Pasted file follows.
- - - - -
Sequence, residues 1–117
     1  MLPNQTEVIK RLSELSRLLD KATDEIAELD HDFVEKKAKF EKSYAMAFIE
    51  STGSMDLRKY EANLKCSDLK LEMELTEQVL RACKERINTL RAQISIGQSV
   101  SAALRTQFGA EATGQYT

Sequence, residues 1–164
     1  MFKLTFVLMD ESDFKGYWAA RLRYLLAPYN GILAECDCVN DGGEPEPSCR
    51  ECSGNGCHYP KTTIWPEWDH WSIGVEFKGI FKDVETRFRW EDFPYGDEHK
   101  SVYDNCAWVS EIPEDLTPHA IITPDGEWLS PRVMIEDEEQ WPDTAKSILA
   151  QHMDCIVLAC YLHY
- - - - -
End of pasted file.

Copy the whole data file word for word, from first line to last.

Sequence, residues 1–117
     1  MLPNQTEVIK RLSELSRLLD KATDEIAELD HDFVEKKAKF EKSYAMAFIE
    51  STGSMDLRKY EANLKCSDLK LEMELTEQVL RACKERINTL RAQISIGQSV
   101  SAALRTQFGA EATGQYT

Sequence, residues 1–164
     1  MFKLTFVLMD ESDFKGYWAA RLRYLLAPYN GILAECDCVN DGGEPEPSCR
    51  ECSGNGCHYP KTTIWPEWDH WSIGVEFKGI FKDVETRFRW EDFPYGDEHK
   101  SVYDNCAWVS EIPEDLTPHA IITPDGEWLS PRVMIEDEEQ WPDTAKSILA
   151  QHMDCIVLAC YLHY